The People’s Convoy: A right-wing victory

People's Convoy

The People’s Convoy began as a protest against the Covid mask and vaccine restrictions but was soon followed by the lifting of most regulations. As a result, it is not taken seriously. QAnon conspiracy references may be found on several of the convoy’s big rigs, pickup trucks, and SUVs.

Why was the People’s Convoy not taken seriously?

The organizers of the convoy promised to shut down Washington, D.C. Instead, they parked their trucks at a stock-car racetrack in western Maryland and drove around the D.C. Beltway for a few gaffe-filled laps. The convoy has been mocked on late-night talk shows and in newspaper op-eds, as well as imitated in a slew of memes. It has been widely regarded as a complete failure.

The “People’s Convoy” was a huge success as a far-right movement-building event. And, despite its absurdity, it should be regarded seriously.

The reason why the movement is a huge right-wing victory

At the convoy, the far-right was well-represented. Members of the white nationalist and anti-government organizations at the heart of the Capitol uprising were intimately involved in the planning. Erik Rohde, a Three Percenters national leader, served as a “consultant” to the “People’s Convoy.”

(In exchange, the official Telegram account for the “People’s Convoy” invited supporters to donate to Rohde’s protest march on the Washington statehouse.) The Telegram groups Three Percenter and Proud Boy have gathered support and raised funds for the “People’s Convoy.” The Oath Keepers were called upon by convoy organizers in Wisconsin to offer protection.

People's Convoy

The convoy’s whole voyage has been joyous, attracting big audiences across the Midwest. As the convoys passed, people swarmed to overpasses to hold signs and wave. As part of civics courses, homeschooling mothers brought their children. Visitors thronged the convoy stops, which were flooded with food and drink contributions.

Meanwhile, the number of people joining dozens of Convoy Facebook groups and Telegram channels has surged. Convoy drivers provide reports, including videos taken as their trucks pass by enthusiastic crowds. Photographs and video captured from overpasses and roadside locations along the route are shared by supporters. The majority of people only send notes of encouragement and gratitude.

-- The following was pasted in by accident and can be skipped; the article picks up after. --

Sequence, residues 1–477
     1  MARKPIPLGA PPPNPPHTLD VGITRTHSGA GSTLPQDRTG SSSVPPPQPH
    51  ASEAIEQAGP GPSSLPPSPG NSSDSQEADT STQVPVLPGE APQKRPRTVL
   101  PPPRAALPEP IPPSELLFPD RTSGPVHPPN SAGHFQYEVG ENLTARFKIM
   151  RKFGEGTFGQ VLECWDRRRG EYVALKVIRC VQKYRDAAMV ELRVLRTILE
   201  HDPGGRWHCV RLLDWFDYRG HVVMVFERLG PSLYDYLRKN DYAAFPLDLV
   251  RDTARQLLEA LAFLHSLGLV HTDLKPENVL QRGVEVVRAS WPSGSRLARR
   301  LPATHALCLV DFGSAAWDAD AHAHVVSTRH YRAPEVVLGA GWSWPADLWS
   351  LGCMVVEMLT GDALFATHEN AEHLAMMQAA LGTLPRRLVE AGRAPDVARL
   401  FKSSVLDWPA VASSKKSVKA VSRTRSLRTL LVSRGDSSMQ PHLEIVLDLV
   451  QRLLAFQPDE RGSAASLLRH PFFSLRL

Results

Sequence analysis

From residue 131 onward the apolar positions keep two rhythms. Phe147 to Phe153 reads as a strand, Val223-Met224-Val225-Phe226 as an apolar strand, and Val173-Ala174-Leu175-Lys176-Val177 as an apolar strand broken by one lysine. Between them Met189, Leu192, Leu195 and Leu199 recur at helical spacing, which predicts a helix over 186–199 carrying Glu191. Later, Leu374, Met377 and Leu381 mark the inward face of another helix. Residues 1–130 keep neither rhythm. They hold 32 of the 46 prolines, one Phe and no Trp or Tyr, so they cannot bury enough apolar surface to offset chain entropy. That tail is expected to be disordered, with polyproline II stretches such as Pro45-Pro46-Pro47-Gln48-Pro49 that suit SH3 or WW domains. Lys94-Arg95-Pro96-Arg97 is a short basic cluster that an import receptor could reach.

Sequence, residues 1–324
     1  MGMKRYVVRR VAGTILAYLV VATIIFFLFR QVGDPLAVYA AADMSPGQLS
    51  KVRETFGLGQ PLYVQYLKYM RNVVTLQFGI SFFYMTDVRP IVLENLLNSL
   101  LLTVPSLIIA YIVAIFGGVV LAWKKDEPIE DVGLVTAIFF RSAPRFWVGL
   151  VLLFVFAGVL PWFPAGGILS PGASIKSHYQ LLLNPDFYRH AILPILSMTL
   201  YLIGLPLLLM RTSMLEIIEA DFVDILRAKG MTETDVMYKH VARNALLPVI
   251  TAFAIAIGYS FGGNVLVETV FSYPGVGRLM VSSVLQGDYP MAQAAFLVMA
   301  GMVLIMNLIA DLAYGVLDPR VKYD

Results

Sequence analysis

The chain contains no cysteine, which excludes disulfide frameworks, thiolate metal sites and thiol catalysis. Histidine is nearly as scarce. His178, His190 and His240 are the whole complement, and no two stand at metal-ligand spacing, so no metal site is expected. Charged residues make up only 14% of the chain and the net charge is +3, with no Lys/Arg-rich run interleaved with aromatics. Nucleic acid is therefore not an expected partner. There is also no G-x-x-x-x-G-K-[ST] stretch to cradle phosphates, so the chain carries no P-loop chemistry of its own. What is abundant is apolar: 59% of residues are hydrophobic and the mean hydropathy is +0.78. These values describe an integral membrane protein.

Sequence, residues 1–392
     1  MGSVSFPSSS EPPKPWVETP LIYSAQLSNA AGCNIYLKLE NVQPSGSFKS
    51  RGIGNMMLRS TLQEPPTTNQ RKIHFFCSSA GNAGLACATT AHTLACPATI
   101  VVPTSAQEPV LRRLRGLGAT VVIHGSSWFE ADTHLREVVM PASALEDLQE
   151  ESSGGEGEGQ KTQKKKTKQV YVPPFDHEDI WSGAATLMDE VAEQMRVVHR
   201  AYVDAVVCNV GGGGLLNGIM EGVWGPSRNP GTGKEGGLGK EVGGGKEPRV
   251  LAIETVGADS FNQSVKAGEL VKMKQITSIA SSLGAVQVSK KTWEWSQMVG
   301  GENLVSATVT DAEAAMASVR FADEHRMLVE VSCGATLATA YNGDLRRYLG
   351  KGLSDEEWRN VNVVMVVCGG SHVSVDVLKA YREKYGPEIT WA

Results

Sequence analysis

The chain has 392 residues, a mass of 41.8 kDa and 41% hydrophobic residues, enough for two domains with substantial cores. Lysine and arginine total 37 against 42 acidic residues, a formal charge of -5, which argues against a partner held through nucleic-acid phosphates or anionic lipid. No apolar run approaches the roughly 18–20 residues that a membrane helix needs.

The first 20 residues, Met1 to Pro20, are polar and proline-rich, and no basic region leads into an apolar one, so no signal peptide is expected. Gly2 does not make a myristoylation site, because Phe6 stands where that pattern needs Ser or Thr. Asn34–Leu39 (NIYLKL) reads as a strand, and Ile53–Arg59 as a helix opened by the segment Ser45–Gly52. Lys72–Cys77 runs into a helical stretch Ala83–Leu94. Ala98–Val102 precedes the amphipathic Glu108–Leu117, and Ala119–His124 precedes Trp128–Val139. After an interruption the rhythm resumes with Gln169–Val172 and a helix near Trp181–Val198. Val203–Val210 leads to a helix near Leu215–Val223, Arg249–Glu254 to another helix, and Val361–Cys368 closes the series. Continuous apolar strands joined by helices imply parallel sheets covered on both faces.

This is the method by which social movements are formed. Events like the convoy, when strangers meet through a shared sense of belonging and purpose, are the glue that holds people together.

People's Convoy

People communicate, share contact information, network, and recruit, reinforcing commitments and forging new relationships. An individual who claimed to have entered the Capitol grew teary-eyed just talking about the convoy’s arrival in Hagerstown, comparing it to a festive Fourth of July parade.

Right-wing politicians have also been moved – at least enough to pose with the truckers for photos. Todd Rokita, the Indiana Attorney General, spoke during a massive convoy rally. Members of Congress, as well as Senators Ted Cruz and Ron Johnson, met with the major convoy organizers.

Cruz later rode in the passenger seat of the lead truck at Hagerstown Speedway, flanked by national journalists, giving convoy organizers exactly the media win they sought.

All of this appears to have been a big help to far-right organizing. “Huge new membership rises coast to coast” as a result of “all the work we did on the People’s Convoy,” according to a Twitter account purporting to belong to Erik Rohde (it released video from the Washington state protest Rohde organized).

People's Convoy

A tongue-in-cheek 1776 percent “growth in new applications” (followed by the “OK” hand emoji, which the far-right has appropriated as a symbol of white power) was quoted by Rohde.

In the end, it doesn’t matter if the convoy succeeds in persuading officials in Washington, D.C. to do anything. Millions of supporters became more comfortable with far-right white views, groups, and personalities, which was the actual payout.

By that metric, the “People’s Convoy” has been a resounding and terrifying success.

Also read:

People’s Convoy trucks crash on the way to Washington DC

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About the author

William Smith

William Smith is a dynamic editor at World-Wire, covering a wide range of topics including health, technology, travel, and events. Known for his ability to simplify complex subjects, he engages readers with his insightful FAQs and articles. His diverse expertise has earned him accolades, including the "Excellence in Diverse Journalism" award in 2022.

1 Comment

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  • I cant believe I am even taking the time to write this, but I am. Tanvi S, if you are seriously passionate about literature, you should be ashamed of this piece. It’s clear you did no research, had you gone to the source you would know the absurdity of “The organizers of the convoy promised to shut down Washington, D.C. Instead, they parked their trucks at a stock-car racetrack in western Maryland and drove around the D.C. Beltway for a few gaffe-filled laps.” Give me a break. Actually give yourself a break and find a new passion, you give literature a bad name.

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